South Korea’s state utility firm Korea Electric Power Corp. (KEPCO) will hold rate-setting board meeting monthly from November, taking steps towards its plan to rationalize power rates amid ballooning losses from the government’s energy policy of phasing out of fossil and nuclear fuel.
KEPCO said Monday that it will convene a special board of directors meeting every month, starting the 28th of this month to adjust electricity billing system. The company has been warning special discounts will be eliminated by letting them sunset as part of efforts to improve its balance sheet.
The company incurred 1.17 trillion won ($1.0 billion) in a net loss last year, with the bulk 1.14 trillion won owed to government policies on energy and economy. The company has been covering for various state-sponsored programs, ranging from subsidies for electric vehicles and solar panels to discounts for household electricity bill under the pressure from the government.
Kim Jong-kap, chief executive officer of KEPCO, in an interview with Maeil Business Newspaper said the company would not renew discount programs. The first to suset would be 50 billion won worth of electricity bill discount program for electric vehicles, which is scheduled to expire by the end this year as well as discounts for electricity fees in street markets.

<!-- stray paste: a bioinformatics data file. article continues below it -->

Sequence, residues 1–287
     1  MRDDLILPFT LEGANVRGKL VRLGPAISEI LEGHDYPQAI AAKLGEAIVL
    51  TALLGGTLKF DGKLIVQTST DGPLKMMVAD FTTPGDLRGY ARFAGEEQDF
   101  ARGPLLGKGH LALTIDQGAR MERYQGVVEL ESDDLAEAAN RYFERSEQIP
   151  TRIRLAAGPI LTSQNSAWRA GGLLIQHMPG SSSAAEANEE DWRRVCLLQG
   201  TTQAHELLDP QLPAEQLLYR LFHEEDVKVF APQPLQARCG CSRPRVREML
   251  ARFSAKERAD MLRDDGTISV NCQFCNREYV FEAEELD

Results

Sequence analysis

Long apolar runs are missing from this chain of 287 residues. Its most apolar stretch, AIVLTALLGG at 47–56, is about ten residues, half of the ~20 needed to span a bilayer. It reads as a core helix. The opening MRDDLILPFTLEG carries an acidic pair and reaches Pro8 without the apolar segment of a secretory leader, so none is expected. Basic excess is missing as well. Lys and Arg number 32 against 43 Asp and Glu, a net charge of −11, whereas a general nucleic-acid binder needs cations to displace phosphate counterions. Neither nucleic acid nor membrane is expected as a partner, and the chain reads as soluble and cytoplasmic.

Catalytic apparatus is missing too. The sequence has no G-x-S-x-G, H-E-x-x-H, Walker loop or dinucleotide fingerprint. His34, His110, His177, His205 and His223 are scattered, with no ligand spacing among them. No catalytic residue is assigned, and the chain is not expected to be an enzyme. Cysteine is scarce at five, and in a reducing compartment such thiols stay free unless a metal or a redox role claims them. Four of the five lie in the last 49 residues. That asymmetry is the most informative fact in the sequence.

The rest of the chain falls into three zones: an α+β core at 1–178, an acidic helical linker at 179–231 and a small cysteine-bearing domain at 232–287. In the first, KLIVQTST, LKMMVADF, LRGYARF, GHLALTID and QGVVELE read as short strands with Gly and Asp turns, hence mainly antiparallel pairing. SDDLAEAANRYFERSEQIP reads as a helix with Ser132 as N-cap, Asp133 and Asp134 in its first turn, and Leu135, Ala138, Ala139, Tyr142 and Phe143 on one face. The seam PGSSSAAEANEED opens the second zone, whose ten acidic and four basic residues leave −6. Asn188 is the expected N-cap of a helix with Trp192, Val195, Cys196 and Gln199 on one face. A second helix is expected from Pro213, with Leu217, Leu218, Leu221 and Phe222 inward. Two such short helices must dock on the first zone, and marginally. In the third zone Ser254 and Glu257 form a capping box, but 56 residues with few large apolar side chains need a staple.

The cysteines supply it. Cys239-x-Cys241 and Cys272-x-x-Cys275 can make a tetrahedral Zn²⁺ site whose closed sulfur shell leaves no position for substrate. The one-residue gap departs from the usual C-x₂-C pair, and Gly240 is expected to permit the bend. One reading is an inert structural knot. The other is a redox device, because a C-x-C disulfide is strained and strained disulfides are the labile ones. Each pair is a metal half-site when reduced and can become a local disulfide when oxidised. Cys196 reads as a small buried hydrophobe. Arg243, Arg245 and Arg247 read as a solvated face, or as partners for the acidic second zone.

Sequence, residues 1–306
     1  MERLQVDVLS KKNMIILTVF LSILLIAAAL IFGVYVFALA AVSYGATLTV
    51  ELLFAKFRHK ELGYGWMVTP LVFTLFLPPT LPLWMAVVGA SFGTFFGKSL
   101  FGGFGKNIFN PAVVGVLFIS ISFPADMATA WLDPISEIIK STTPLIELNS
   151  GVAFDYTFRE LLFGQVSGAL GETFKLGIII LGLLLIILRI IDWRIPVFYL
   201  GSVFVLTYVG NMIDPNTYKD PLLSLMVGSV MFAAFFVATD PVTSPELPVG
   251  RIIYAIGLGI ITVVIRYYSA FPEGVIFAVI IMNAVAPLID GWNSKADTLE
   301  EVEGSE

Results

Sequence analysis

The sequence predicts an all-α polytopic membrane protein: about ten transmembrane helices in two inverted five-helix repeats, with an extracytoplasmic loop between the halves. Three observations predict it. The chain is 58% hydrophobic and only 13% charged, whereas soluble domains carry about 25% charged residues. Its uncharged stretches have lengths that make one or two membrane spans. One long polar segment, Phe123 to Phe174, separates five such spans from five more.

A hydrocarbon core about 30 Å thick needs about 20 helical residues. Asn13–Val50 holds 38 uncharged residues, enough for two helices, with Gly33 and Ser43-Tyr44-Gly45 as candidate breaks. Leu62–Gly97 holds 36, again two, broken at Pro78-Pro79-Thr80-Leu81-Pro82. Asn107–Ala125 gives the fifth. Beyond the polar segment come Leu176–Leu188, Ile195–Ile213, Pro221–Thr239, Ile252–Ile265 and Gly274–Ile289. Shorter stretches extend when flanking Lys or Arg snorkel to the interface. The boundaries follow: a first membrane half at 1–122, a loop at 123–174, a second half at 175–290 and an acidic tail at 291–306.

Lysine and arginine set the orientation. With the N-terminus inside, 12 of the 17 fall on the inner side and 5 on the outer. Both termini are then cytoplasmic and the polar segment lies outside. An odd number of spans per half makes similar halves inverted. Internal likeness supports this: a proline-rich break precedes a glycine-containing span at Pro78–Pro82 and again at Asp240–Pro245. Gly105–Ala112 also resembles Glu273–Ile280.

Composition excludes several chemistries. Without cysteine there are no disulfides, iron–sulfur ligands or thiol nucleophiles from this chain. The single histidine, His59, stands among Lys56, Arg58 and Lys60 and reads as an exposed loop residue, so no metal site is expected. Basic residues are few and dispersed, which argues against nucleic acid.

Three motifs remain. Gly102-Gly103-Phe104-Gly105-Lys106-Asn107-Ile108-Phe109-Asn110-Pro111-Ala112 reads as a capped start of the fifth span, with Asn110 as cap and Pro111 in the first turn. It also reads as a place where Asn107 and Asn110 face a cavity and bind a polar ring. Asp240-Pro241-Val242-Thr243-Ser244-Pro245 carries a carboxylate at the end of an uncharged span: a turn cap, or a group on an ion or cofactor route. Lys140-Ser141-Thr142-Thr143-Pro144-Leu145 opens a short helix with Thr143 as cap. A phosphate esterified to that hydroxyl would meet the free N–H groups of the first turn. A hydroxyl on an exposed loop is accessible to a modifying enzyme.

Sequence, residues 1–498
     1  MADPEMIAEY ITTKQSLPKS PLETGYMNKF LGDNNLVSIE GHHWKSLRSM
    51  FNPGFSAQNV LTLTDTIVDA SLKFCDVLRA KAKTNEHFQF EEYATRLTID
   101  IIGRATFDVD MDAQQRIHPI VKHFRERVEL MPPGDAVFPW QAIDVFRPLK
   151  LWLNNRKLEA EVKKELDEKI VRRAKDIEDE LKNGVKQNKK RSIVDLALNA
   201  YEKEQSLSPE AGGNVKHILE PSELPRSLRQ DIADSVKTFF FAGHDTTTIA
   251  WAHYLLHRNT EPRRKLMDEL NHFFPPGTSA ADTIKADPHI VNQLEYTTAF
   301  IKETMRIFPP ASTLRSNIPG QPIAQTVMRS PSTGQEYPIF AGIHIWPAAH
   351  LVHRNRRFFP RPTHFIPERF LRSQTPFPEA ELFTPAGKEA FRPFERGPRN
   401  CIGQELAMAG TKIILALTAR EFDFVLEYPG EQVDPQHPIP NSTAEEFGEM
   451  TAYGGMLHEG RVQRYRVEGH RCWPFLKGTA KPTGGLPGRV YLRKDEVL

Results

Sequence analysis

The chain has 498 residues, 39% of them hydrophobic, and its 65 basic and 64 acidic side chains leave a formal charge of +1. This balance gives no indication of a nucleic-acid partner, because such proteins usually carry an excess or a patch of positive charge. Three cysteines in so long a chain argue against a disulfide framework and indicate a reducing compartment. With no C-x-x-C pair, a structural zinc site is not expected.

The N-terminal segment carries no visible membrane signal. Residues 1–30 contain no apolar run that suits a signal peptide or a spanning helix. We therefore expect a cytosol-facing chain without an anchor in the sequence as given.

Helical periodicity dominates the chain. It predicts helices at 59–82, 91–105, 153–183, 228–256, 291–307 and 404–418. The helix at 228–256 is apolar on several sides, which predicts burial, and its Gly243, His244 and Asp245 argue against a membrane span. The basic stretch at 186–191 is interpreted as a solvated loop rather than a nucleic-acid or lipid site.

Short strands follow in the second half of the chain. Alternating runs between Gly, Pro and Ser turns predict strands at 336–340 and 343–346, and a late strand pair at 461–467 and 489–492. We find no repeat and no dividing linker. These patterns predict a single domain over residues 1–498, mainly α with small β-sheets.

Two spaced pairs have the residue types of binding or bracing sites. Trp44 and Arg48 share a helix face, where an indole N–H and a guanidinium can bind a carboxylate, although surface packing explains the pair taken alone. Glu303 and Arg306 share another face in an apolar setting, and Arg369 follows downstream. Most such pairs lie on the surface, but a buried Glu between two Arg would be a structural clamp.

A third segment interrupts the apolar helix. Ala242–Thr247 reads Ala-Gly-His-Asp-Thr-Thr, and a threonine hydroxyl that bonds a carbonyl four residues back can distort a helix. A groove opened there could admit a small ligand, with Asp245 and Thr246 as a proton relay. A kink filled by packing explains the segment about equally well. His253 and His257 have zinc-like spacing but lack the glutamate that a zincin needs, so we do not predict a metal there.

The utility company is also mulling to reform the electricity billing system for industrial and agriculture use as well as applying raw material and policy costs to electricity charges.
Its efforts could clash with the government, which has been fostering electric vehicle and renewable energy sectors for future growth.
By Lim Sung-hyun and Cho Jeehyun
[ⓒ Pulse by Maeil Business Newspaper & mk.co.kr, All rights reserved]